I also don’t want you to simply focus on finances or your occupation, but perhaps on relationships, physical health, education and spiritual growth. Picture yourself in the mountains, on a beach or in a place you’re passionate about. Envision what you’ve accomplished over the past 10 years. Who or what type of person are you with, what is in your bank account, what education have finished, what type of business or job do you have? Take the time to meditate, pray and be honest with yourself on what you truly want this future to look like.
Remember, you can always change and modify your plan. It’s yours. But write it down on paper and give it the care and attention it deserves. This is your future. It’s not something to dictate to Siri and bury in “Notes” on your phone or in a journal catching dust on the shelf. You need to be carrying this around with you everywhere you go. Primarily, I want this to accompany your annual Strategic Plan for your education, business, health and personal life.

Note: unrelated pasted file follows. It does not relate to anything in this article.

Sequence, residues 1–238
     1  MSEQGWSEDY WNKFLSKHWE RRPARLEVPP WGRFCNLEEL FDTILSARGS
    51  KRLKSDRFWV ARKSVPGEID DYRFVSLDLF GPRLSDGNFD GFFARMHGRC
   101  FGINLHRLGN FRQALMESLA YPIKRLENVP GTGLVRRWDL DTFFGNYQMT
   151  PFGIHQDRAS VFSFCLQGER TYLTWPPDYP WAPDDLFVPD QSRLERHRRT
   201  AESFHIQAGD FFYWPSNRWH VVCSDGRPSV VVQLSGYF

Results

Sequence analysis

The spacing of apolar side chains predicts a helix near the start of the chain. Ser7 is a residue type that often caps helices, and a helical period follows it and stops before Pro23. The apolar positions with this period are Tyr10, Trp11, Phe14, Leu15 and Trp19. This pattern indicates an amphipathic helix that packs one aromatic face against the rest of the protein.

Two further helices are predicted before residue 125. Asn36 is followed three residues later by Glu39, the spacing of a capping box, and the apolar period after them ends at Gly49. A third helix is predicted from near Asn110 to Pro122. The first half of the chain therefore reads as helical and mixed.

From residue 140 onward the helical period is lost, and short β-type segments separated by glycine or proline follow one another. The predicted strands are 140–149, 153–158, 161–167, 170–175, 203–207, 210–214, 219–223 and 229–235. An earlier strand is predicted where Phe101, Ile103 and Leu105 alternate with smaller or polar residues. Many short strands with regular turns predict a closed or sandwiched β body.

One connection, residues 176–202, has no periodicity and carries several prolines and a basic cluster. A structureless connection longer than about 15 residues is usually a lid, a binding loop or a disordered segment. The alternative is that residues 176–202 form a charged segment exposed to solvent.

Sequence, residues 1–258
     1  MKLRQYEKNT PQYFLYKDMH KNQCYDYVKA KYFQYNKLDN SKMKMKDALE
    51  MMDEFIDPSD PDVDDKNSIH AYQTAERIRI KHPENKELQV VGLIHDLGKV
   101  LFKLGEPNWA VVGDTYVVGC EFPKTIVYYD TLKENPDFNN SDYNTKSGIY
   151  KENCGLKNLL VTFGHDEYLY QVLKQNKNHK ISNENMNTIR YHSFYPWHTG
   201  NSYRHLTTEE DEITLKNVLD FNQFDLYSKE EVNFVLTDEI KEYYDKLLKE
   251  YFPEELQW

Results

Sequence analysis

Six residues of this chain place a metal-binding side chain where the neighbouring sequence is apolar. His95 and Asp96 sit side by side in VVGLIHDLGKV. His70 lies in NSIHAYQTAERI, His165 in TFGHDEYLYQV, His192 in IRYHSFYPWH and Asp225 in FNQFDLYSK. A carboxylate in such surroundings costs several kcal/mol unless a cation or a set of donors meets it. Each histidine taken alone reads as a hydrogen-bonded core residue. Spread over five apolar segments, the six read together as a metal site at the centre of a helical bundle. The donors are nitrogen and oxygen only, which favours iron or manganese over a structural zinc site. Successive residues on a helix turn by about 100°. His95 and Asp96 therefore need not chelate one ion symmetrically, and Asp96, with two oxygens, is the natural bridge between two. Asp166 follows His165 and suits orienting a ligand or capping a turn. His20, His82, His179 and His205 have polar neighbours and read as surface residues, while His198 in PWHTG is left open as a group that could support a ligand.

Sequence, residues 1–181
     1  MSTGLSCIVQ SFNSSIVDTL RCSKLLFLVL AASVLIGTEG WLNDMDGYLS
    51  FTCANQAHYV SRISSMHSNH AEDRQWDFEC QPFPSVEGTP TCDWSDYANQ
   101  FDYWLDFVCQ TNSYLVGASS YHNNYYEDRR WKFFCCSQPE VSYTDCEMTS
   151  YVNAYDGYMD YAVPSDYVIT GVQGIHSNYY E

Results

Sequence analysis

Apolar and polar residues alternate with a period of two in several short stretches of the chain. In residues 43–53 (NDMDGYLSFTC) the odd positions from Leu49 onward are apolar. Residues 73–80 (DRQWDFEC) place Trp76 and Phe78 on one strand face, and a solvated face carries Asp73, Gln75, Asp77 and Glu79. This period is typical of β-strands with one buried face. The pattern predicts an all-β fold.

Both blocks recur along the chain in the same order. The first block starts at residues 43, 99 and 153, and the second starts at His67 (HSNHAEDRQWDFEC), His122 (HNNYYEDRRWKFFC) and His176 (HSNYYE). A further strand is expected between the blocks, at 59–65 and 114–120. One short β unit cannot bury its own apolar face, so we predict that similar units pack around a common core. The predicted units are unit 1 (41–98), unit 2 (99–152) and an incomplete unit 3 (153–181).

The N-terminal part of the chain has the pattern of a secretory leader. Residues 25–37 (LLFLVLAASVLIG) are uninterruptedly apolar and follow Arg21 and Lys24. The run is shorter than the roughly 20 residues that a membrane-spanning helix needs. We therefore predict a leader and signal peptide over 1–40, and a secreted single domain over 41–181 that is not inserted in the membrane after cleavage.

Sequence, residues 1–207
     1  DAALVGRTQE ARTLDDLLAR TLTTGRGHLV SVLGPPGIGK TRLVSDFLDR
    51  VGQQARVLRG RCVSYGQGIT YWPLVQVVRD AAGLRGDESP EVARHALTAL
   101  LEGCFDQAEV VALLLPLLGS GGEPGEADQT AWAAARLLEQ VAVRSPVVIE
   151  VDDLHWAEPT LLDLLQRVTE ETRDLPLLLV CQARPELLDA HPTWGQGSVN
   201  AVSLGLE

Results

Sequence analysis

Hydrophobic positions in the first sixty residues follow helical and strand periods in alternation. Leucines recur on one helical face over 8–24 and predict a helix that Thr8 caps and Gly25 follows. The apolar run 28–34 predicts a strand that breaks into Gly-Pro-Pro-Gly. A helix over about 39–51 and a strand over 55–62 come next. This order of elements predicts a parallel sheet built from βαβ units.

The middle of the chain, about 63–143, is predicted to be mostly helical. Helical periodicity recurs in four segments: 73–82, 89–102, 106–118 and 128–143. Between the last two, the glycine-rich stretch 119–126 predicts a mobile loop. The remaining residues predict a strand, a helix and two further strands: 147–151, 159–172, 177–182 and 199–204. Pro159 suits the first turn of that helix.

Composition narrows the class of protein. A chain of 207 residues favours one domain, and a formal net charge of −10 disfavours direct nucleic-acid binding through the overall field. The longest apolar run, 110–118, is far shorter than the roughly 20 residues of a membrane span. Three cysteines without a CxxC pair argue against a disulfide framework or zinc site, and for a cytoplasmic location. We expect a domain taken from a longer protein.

Finally, be realistic. It’s OK to push yourself with a dream you think you can reach with some effort, but don’t set yourself up for failure. Maybe stating you want to be the President of the United States or a VP of a Fortune 500 Company might be a little much, but who am I to say what you can and can’t do? Maybe something like that is clearly within your reach, but just don’t overdo it; you know what I mean.
Step 2: Work backwards with benchmarks that you need to reach
The goal is to reach your ideal scene in 10 Years, so it actually becomes quite easy to work backwards and determine the practical steps you need to take in order to get there. Some people want to set straight-out goals, but I think it’s easier to work with the end in mind and lay out the stepping stones needed to make one’s dream a reality.